Since the beginning of our nonprofit, I’ve had several opportunities to share our story. I’m sure that I will continue to share. One particular part of our story that I’ve shared, is the reason why we are dedicated to promoting the importance of blood donation for those with sickle cell disease. A blood donation helped to save our son’s life.
It doesn’t matter how many times I tell this story.
No matter how many times I tell that part of our story, it leaves an ache in my heart. It gives me a sinking feeling in my stomach. Whenever I share the details of that time frame when he spent days in the PICU, I return there. I not only remember the fear, I feel it. I don’t just remember the helplessness, I feel it. I don’t just recall seeing the blood of a stranger slowly drip into my son’s lethargic body, I feel the nauseousness of that moment. As I tell this part of our story, I shake as I shook then. I cry as I cried then.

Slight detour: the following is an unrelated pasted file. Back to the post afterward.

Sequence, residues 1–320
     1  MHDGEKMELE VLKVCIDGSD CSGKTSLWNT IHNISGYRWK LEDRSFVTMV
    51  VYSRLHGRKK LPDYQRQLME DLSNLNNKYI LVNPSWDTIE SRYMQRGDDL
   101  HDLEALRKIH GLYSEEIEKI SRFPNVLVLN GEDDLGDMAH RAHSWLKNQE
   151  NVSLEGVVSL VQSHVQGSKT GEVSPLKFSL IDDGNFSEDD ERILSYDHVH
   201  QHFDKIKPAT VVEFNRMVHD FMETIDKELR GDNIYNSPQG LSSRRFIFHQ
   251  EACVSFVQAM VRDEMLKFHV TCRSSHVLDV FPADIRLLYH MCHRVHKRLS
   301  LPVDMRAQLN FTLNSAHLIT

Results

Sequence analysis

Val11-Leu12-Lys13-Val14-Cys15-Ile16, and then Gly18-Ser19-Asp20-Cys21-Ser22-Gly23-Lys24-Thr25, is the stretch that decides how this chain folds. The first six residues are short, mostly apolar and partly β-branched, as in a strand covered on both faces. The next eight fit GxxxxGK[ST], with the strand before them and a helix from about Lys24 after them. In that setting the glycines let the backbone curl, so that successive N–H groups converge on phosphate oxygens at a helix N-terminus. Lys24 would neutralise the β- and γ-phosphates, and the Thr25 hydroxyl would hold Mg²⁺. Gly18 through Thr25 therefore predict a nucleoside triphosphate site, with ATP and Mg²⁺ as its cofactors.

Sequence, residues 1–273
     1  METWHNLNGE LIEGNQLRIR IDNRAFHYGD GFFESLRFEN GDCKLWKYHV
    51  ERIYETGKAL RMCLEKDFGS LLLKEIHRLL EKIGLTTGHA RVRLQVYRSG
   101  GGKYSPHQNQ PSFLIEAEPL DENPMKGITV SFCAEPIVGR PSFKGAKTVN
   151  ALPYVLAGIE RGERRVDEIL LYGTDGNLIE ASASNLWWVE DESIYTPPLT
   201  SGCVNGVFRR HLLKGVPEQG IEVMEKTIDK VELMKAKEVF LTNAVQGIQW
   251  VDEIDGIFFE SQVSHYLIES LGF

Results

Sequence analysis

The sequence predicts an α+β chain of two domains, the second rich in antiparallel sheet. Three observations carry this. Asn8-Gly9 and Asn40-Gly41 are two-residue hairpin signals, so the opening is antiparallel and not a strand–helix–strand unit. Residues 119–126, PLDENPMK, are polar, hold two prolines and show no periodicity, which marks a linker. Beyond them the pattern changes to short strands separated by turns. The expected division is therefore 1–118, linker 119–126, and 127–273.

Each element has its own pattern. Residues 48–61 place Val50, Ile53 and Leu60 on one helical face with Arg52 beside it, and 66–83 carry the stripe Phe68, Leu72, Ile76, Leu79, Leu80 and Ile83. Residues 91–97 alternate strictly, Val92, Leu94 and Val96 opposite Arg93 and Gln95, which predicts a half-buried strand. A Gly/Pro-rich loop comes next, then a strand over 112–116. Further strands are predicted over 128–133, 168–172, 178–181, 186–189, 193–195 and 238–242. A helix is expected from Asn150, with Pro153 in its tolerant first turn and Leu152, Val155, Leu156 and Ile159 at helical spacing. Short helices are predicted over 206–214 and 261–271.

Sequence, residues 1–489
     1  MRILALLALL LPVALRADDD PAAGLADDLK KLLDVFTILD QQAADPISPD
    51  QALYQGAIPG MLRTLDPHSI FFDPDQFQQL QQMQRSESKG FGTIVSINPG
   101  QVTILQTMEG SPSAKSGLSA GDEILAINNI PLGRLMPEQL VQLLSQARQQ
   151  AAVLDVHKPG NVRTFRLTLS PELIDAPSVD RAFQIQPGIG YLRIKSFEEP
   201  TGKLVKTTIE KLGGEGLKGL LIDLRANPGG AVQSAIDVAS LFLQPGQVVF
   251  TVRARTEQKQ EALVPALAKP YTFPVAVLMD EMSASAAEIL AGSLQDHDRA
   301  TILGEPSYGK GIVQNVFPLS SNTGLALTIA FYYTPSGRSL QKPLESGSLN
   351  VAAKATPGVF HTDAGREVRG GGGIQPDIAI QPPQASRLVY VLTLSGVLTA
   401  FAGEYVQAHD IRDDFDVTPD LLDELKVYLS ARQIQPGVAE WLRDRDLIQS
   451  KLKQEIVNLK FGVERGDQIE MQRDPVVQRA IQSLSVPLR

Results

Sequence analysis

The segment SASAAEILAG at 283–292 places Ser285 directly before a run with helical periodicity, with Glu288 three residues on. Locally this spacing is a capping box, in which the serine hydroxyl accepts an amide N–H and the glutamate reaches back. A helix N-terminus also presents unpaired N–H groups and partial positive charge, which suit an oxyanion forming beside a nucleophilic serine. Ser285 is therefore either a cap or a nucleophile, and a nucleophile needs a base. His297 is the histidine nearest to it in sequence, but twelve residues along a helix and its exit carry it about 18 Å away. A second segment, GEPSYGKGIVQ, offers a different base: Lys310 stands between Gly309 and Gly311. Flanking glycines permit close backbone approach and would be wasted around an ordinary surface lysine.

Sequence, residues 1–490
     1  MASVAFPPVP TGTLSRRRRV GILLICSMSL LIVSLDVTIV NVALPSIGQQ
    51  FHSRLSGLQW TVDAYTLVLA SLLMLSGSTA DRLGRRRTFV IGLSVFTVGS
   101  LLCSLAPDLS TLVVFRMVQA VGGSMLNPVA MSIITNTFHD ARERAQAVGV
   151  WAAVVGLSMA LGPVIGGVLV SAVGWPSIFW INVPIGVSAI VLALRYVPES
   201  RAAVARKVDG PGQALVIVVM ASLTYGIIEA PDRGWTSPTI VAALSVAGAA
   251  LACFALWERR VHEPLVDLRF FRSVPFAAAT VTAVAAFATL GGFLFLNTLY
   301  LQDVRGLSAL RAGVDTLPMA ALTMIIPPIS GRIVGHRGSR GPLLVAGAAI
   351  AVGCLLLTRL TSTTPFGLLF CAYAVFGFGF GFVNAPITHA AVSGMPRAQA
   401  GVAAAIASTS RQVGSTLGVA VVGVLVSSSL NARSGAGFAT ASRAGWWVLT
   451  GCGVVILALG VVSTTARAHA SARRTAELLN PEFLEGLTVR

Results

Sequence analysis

The tears are real. Every last one.
I cry as I am reminded of how I could have lost my son. I cry because it’s still so hard for me to share such intimate moments with total strangers. I cry because I’m grateful to God that I still have my son with me. I cry because this moment can happen again at any time. No matter how hard I try to keep him well, there are no guarantees. I cry real tears because our story needs to be told, it needs to be heard, it needs to be felt. I cry because there is no universal cure and my son still has sickle cell disease.
This is not a dramatization of a real story. This is our life.
No one knows your story like you do. Share it.